In a paper published in the Lancet, one of the world’s leading general medical journals, Dr. Glennis Andall-Brereton, senior technical officer for non-communicable diseases at the Trinidad-based Caribbean Publish health Agency (CARPHA), noted “cancer causes a fifth of deaths in the Caribbean region and its incidence is increasing”.
In the paper, titled ”Cancer Control in the Caribbean island countries and territories: some progress but the journey continues”, which Dr. Andall-Brereton co-authored, it is noted that the incidence and mortality patterns of cancer in the Caribbean reflect globally widespread epidemiological transitions and show cancer profiles that are unique to the region.
But there appears an uphill climb to any solution.
“Providing comprehensive and locally responsive cancer care is particularly challenging in the Caribbean because of the geographical spread of the islands”, the paper noted, “the frequently under-resourced health-care systems, and the absence of a cohesive approach to cancer control.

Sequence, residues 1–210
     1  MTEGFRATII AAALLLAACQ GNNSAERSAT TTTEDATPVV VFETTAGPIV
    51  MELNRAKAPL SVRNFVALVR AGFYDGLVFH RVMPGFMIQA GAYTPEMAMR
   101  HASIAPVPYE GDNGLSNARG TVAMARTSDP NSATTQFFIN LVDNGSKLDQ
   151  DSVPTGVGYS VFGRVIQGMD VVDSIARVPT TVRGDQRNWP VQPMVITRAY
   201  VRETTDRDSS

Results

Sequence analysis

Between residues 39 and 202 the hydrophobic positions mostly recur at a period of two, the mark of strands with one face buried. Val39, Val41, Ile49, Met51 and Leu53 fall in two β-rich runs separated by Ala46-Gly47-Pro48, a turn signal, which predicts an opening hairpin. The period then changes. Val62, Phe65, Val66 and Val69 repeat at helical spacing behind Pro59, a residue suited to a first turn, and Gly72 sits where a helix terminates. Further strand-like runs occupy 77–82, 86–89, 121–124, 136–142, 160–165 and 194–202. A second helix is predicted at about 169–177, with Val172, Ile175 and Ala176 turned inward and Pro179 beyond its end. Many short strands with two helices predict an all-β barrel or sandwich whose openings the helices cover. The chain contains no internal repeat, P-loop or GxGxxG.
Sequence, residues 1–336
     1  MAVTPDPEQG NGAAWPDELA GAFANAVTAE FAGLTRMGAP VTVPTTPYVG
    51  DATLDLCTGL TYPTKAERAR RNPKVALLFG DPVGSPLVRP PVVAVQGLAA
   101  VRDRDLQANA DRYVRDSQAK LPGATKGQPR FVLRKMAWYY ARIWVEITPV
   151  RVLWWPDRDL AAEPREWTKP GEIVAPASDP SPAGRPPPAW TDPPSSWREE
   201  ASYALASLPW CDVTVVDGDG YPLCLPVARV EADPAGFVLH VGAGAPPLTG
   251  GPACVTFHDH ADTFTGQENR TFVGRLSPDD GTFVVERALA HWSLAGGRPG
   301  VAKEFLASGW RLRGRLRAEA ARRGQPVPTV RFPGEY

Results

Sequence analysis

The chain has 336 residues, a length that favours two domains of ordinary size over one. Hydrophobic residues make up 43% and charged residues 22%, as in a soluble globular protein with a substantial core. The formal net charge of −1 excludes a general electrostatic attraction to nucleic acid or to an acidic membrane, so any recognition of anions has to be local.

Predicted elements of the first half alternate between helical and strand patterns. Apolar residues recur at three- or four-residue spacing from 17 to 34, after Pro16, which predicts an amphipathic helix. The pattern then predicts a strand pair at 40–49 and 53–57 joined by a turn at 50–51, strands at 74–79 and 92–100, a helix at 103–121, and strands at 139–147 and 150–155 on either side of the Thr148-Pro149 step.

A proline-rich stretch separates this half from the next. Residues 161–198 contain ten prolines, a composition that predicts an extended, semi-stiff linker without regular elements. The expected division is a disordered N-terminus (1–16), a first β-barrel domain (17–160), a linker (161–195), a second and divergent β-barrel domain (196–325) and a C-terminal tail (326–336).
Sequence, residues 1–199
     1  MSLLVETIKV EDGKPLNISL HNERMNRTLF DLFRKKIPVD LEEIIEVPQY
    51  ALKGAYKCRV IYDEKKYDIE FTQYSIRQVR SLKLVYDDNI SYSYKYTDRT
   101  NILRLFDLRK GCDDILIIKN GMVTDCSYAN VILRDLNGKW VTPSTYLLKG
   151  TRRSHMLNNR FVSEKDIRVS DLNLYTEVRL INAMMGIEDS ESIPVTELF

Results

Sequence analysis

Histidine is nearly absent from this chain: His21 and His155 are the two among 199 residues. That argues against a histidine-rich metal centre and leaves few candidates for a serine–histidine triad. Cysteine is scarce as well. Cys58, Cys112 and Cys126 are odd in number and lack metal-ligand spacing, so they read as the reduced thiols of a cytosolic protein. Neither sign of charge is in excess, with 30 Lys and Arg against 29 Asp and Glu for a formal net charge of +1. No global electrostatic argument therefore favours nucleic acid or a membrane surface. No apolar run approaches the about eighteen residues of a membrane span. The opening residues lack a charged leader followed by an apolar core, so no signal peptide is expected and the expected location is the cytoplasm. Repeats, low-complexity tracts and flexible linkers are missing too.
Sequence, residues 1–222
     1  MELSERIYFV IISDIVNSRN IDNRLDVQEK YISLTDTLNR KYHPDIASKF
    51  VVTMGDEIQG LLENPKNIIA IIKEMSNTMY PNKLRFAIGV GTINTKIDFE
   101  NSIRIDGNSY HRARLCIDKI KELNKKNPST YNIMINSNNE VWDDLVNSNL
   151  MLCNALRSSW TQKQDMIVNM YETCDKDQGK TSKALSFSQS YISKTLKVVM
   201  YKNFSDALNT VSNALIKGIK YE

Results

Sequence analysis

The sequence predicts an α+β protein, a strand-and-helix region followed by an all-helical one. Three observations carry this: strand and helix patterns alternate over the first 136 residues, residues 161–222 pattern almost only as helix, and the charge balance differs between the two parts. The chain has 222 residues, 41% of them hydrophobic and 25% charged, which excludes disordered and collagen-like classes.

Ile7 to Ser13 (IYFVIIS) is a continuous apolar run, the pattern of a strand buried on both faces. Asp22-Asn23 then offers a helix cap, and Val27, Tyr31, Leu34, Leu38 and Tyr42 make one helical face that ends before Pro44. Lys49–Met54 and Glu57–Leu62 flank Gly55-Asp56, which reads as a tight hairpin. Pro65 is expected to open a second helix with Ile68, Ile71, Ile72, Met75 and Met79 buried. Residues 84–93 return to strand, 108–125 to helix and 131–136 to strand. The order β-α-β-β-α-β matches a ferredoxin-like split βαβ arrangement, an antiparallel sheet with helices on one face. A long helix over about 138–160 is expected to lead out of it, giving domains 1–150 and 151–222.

“In many Caribbean countries and territories, cancer surveillance systems are poorly developed, advanced disease presentations are commonplace, and access to cancer screening, diagnostics, and treatment is often suboptimal, with many patients with cancer seeking treatment abroad”.
The third paper is part of a five-part series titled “Cancer Control in Small Island Nations” and places emphasis on the crucial role of collaborative approaches, including through funding and investment opportunities with more developed countries, to create comprehensive cancer control programs to improve cancer planning, prevention, and treatment in these under-resourced small island nations.
The fourth paper is titled “Advancing cancer care and prevention in the Caribbean: a survey of strategies for the region”. It identifies promising initiatives to improve cancer prevention and treatment that have emerged across CARICOM countries.